Information on this page has been updated with the help of If youd like to read their information sheet on painful bladder / interstitial cystitis please click here.

    You can also find information about painful bladder / interstitial cystitis on the Bladder Health UK website, Email , Telephone 0121 702 0820

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    What Are The Causes Of Dysuria

    There are many causes of dysuria. Also know that doctors cant always identify the cause.

    WOMEN: Painful urination for women can be the result of:

    The inflammation may also be caused by sexual intercourse, douches, soaps, scented toilet paper, contraceptive sponges or spermicides.

    Normal female anatomy

    MEN: Painful urination for men may be the result of:

    • Urinary tract infection and other infections outside the urinary tract, including diverticulosis and diverticulitis.
    • Prostate disease.

    Normal male anatomy

    Painful urination for men and women may be the result of a sexually transmitted infections or the side effect of medications. Chemotherapy cancer drugs or radiation treatments to the pelvic area may inflame the bladder and cause painful urination.

    Bladder Cancer And Radiation Treatment

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    While urine containing blood is a more common symptom of bladder cancer, some women with this condition also feel the need to urinate more often. If a tumor is present in the bladder, it takes up space that could otherwise be filled with urine, thereby leading to an increased need to pee frequently. Not only can cancer cause more frequent urination, but the treatments for cancer can cause this as well. For example, radiation is often used to treat cancer and can cause the side effect of frequent urination. This is especially true if the radiation therapy is targeted at the pelvic area.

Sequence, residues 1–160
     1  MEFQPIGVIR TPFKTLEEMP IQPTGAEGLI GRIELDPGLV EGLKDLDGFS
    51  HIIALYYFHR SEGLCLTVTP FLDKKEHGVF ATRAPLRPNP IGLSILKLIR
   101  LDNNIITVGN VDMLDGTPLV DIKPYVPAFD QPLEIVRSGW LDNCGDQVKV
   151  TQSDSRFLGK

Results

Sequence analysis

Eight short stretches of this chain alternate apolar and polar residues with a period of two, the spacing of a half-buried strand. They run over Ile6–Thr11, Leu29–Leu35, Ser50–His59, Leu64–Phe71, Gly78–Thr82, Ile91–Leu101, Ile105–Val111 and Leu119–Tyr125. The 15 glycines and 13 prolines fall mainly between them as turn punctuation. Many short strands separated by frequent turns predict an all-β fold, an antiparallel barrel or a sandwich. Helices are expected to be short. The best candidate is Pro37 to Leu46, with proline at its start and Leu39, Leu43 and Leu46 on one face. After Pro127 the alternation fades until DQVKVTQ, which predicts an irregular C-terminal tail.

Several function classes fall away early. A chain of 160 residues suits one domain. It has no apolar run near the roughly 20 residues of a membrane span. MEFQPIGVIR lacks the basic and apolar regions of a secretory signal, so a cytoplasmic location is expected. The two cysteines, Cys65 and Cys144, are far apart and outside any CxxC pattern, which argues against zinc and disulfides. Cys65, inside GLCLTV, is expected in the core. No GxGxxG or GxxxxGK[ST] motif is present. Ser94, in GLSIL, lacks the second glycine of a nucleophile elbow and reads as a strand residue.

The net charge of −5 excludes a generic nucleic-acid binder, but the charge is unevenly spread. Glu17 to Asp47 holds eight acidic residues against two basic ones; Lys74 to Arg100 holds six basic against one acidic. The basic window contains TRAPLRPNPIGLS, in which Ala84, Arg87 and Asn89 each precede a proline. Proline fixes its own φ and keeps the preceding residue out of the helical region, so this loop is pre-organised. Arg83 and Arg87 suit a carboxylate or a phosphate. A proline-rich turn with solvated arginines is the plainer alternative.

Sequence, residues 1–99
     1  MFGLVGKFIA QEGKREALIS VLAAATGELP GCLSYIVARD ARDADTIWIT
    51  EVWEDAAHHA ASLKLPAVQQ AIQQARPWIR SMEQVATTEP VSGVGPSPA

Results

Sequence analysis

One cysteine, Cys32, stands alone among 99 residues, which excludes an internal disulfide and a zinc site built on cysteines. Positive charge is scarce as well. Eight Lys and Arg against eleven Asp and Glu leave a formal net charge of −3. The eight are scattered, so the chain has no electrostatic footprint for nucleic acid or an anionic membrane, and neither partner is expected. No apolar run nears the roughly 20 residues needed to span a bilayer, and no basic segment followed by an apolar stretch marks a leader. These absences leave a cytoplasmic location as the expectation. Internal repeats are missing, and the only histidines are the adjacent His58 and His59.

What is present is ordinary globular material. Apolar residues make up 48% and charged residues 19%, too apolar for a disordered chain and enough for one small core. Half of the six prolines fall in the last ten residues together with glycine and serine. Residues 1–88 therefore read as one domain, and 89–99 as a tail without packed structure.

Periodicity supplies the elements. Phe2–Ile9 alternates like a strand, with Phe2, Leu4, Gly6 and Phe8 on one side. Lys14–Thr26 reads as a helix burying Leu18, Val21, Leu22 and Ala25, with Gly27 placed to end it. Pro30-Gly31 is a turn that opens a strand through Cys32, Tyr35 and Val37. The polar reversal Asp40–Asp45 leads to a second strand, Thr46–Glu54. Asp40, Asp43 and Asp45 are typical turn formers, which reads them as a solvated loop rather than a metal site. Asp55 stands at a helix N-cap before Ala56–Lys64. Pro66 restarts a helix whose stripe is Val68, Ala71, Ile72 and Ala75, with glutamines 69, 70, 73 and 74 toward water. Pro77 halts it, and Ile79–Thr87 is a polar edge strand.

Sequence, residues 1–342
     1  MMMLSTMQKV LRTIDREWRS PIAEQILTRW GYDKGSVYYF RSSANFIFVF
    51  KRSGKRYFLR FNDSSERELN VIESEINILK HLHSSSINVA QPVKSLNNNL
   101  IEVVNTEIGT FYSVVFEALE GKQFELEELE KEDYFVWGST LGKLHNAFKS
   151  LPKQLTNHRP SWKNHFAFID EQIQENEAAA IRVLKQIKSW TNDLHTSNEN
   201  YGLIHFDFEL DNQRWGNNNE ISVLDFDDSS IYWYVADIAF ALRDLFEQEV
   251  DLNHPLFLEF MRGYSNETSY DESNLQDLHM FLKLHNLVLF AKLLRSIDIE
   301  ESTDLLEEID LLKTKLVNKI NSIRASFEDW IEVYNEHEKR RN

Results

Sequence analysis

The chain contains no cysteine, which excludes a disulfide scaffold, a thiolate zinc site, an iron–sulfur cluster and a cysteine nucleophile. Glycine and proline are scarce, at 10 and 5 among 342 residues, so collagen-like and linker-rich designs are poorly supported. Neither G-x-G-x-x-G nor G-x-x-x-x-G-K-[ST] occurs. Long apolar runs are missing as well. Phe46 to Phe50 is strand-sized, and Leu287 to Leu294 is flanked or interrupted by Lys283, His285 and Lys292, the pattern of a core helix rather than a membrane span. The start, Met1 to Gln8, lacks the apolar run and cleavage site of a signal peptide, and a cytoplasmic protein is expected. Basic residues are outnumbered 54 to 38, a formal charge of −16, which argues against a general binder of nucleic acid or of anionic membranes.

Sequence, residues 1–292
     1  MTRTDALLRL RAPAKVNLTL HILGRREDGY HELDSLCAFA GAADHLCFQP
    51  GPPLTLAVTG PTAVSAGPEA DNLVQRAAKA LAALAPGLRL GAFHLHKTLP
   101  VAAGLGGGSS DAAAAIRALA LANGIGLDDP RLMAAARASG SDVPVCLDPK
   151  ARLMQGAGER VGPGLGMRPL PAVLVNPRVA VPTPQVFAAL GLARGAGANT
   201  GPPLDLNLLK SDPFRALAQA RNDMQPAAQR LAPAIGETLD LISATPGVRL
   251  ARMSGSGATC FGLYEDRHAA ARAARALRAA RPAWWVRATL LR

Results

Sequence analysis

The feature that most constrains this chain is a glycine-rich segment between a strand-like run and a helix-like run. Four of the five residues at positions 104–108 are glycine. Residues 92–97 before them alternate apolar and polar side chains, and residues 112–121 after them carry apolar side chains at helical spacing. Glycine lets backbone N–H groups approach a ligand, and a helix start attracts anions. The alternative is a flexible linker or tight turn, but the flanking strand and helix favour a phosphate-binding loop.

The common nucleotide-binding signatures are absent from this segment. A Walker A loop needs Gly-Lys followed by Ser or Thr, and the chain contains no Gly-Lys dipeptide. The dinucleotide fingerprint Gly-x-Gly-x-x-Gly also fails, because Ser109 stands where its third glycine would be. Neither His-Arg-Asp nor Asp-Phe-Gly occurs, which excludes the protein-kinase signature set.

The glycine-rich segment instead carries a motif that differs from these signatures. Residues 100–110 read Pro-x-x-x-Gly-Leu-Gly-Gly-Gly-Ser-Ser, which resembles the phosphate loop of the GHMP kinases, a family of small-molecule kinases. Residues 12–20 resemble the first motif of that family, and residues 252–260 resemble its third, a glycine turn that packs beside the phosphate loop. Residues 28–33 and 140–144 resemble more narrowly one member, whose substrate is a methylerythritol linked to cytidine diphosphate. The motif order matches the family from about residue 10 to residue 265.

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    When To Contact A Medical Professional

    • You have fever, back or side pain, vomiting, or shaking chills
    • You have increased thirst or appetite, fatigue, or sudden weight loss

    Also call your provider if:

    • You have urinary frequency or urgency, but you are not pregnant and you are not drinking large amounts of fluid.
    • You have incontinence or you have changed your lifestyle because of your symptoms.
    • You have bloody or cloudy urine.